One of the most common company comparisons of the past few years that I’ve stumbled upon is between Intel Corporation (NASDAQ:INTC) and Advanced Micro Devices, Inc. (NYSE:AMD) – two of the leaders in the computer chip industry. Of course, Intel Corporation (NASDAQ:INTC) is ahead of Advanced Micro Devices, Inc. (NYSE:AMD) in the race. However, with lots of information out on the table about these two companies, how do their valuations compare?
While there are hundreds of things to consider when deciding whether one or the other belongs in your portfolio, one helping hand can be potential over- or undervaluation of either company. Here, I am going to use three different methods of valuating companies to show which takes the over/undervaluation title home, and to hopefully introduce you to a few handy metrics.
The PEG ratio (the Price/Earnings to Growth Ratio) helps to show the relationship between the price of a stock, the earnings per share, and the growth rate of the company. This metric is particularly useful when comparing companies side by side with different PE ratios and different growth rates. When analyzing the ratio, analysts typically classify companies with a PEG lower than 1 as associated with undervaluation, while companies above 1 tend to be overvalued. Now, let’s take a look at the graph for these two chip makers:
Clearly, Advanced Micro Devices, Inc. (NYSE:AMD) is potentially way overvalued, while Intel Corporation (NASDAQ:INTC) is potentially undervalued. This makes sense when looking at it from another angle; say, the value score angle. The value score is a measure from 1-10, from companies with a 10 tend to substantially outperform the S&P 500 and companies with a 1 tend to do the opposite. Intel’s score of 10 with their stock price (at time of writing, about $28.11) seem to add up to a summary of undervaluation. AMD’s value score over the last few years has been mostly about 4, with rare appearances around 6. So, according to this metric, Intel Corporation (NASDAQ:INTC) is potentially undervalued while Advanced Micro Devices, Inc. (NYSE:AMD) is potentially overvalued. Let’s move on to the next one.
Tangible Book Value Per Share
Tangible book value per share, or TBVPS, is a measurement of the portion of tangible assets (all assets, with the exception of goodwill and items classified as “intangible” on a company’s balance sheet) attributable to each share of the company’s common stock. What this means is that it is helpful in establishing the valuation of a company, and whether it may be over or undervalued. This is important because lots of companies’ balance sheets can reflect asset valuations that are inflated by intangibles; yet, if a company were to go bankrupt, the tangible value of assets a company has would be what is left over after bankruptcy. A simple way to put this would be that tangible book value answers the question, “as a shareholder, what would I receive if the company had to liquidate all of its assets?” By measuring this value per share, we create a ratio that measures valuation.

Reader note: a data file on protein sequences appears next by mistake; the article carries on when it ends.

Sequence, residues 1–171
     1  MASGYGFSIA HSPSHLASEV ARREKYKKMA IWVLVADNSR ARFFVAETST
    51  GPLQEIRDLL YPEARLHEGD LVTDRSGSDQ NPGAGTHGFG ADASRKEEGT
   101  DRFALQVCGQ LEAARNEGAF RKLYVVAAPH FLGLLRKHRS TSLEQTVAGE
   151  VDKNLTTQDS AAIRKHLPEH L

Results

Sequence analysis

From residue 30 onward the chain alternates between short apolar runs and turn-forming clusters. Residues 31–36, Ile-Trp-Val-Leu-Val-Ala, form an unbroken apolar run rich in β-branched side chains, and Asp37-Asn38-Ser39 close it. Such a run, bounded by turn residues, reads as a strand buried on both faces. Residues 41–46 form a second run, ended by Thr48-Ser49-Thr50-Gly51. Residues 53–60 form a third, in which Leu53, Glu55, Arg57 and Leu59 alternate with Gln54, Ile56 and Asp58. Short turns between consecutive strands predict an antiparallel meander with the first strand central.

A TBVPS larger than the current price of the stock means that the stock could be potentially overvalued, whereas, obviously, a TBVPS smaller than the stock could mean that the stock is potentially undervalued. The formula, for those who are interested, for TBVPS is equal to: (Tangible Book Value – Book Value of Preferred Stock) / Common Shares Outstanding. Now, let’s look at each company’s TBVPS in relation to their stock price.
|TBVPS||Price ($)||TBVPS / Price (Valuation)|
So, according to this metric, both companies are potentially undervalued, with both companies having a TBVPS / Price ratio substantially below 1. Let’s move on to the third metric.